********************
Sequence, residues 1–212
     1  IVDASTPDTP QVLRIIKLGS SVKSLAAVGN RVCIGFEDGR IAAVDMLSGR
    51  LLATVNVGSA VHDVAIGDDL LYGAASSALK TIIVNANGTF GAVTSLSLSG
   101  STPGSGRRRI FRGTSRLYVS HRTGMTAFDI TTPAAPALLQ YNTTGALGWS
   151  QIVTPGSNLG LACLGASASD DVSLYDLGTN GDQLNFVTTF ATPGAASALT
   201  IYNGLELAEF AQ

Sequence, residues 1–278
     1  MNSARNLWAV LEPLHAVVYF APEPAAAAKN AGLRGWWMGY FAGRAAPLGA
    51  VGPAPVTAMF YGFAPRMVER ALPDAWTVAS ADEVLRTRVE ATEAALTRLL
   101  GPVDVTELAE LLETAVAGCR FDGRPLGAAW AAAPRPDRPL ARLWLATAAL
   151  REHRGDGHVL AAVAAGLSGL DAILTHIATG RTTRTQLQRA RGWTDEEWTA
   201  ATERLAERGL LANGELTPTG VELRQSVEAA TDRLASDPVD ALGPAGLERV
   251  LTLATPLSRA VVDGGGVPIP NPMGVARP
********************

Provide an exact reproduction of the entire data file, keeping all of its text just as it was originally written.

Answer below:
Sequence, residues 1–212
     1  IVDASTPDTP QVLRIIKLGS SVKSLAAVGN RVCIGFEDGR IAAVDMLSGR
    51  LLATVNVGSA VHDVAIGDDL LYGAASSALK TIIVNANGTF GAVTSLSLSG
   101  STPGSGRRRI FRGTSRLYVS HRTGMTAFDI TTPAAPALLQ YNTTGALGWS
   151  QIVTPGSNLG LACLGASASD DVSLYDLGTN GDQLNFVTTF ATPGAASALT
   201  IYNGLELAEF AQ

Sequence, residues 1–278
     1  MNSARNLWAV LEPLHAVVYF APEPAAAAKN AGLRGWWMGY FAGRAAPLGA
    51  VGPAPVTAMF YGFAPRMVER ALPDAWTVAS ADEVLRTRVE ATEAALTRLL
   101  GPVDVTELAE LLETAVAGCR FDGRPLGAAW AAAPRPDRPL ARLWLATAAL
   151  REHRGDGHVL AAVAAGLSGL DAILTHIATG RTTRTQLQRA RGWTDEEWTA
   201  ATERLAERGL LANGELTPTG VELRQSVEAA TDRLASDPVD ALGPAGLERV
   251  LTLATPLSRA VVDGGGVPIP NPMGVARP